Law, Economics, Politics, Culture
I am glad they included both law graduates and bar passers in their "Oversupply of Lawyers" stat shot, because I think that using the bar-passage rate in NY and NJ overstates the oversupply: Many people take the NY bar but practice elsewhere (it being the closest thing we have to a national bar), and many who take the NY bar take NJ as well even if they never plan to practice in NJ. The number of law graduates in both states, however, gives a better sense of the size of oversupply.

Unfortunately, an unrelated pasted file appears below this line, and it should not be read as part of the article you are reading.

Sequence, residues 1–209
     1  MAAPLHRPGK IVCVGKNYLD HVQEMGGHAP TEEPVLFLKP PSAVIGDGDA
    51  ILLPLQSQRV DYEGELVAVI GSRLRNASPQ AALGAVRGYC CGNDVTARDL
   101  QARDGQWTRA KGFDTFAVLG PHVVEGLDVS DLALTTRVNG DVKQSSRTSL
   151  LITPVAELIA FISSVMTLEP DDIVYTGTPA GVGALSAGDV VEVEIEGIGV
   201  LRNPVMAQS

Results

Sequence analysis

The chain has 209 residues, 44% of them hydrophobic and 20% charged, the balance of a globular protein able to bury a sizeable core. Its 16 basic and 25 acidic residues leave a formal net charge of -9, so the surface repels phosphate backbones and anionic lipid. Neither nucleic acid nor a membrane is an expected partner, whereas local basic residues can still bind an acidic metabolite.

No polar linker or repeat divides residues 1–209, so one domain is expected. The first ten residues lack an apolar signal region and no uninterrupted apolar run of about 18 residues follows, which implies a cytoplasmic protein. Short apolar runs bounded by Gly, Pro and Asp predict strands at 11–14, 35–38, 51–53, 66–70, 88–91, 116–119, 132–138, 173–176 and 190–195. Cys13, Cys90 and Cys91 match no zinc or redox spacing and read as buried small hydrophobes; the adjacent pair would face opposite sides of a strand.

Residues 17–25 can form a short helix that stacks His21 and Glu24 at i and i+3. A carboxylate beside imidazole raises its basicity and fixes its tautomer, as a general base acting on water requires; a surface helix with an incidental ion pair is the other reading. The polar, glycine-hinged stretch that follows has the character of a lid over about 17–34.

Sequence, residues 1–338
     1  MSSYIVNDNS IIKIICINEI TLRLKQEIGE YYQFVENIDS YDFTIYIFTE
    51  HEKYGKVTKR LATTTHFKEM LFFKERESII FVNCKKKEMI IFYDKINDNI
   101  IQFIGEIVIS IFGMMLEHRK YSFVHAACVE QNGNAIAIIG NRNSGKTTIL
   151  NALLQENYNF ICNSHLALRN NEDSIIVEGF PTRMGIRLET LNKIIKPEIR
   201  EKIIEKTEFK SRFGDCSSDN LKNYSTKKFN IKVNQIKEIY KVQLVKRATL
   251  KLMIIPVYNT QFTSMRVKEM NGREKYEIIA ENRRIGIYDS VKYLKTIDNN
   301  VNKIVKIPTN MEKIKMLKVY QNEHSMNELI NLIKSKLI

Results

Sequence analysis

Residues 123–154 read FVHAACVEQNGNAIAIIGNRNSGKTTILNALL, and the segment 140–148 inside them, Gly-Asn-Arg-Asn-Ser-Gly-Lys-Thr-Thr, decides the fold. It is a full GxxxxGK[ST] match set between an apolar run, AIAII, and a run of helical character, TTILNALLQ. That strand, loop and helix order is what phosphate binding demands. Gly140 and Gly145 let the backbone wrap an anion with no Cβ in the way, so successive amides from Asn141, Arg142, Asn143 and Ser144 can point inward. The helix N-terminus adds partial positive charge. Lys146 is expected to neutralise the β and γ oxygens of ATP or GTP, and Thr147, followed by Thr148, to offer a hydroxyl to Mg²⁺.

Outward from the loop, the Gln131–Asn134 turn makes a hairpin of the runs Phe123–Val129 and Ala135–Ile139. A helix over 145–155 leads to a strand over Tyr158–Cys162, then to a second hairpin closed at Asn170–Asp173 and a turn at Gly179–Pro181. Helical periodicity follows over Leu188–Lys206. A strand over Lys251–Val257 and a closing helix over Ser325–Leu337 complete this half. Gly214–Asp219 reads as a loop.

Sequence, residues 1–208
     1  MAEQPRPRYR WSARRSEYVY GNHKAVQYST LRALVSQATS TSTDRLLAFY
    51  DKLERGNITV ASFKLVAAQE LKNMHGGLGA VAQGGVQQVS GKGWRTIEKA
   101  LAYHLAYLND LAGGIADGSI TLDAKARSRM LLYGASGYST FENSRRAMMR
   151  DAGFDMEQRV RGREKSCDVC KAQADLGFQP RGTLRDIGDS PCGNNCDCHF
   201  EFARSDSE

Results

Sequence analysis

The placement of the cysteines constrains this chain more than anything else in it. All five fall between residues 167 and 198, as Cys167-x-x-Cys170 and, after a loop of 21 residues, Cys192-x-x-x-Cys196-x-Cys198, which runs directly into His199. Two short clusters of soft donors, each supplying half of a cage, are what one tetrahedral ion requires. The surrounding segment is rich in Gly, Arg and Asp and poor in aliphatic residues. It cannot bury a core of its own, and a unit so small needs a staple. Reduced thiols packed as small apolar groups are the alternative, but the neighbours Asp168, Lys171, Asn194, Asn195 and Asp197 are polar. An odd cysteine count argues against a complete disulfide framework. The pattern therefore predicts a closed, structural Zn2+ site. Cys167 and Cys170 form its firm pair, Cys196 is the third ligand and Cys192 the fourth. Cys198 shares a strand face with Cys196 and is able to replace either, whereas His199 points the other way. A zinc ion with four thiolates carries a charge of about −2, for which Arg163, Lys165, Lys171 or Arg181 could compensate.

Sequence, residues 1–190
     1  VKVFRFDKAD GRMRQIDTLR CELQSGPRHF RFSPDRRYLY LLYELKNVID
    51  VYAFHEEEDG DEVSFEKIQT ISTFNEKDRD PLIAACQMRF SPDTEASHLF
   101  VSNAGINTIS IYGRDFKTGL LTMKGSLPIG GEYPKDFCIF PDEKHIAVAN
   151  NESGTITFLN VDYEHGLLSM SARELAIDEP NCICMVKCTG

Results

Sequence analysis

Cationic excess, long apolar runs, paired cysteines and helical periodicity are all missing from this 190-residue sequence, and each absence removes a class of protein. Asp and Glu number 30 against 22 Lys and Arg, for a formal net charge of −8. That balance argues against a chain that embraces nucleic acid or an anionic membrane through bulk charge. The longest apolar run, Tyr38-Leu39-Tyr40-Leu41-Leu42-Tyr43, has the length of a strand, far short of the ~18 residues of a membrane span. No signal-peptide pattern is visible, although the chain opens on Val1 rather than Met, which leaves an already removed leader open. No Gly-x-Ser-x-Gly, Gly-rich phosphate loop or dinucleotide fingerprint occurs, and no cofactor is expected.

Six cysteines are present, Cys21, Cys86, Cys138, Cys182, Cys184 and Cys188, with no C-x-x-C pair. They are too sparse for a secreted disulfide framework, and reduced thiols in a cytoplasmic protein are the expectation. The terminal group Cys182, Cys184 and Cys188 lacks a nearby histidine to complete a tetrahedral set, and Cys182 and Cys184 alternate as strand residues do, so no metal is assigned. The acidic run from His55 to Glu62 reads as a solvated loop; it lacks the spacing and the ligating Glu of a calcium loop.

Thanks for the comment, sorry for the delay in responding. I think you make an excellent point. Going a step further, grads may be the better metric as the number of folks who go on the NY/NJ double bar track may lead to some double counting. In any case, it is discouraging for many of us to see even the lower amount (grads to jobs) of oversupply in the markets, something which is a huge problem for the profession. While we are on the topic, I noticed the opposite situation in Ohio. Maybe it has a very tough bar? Maybe a lot of people go there from out of state and return home to take the bar? Maybe there are far more schools than jobs, and noting that, Ohioans relocated east to find their fortunes in other markets? Not sure, but it is certainly interesting to see. JS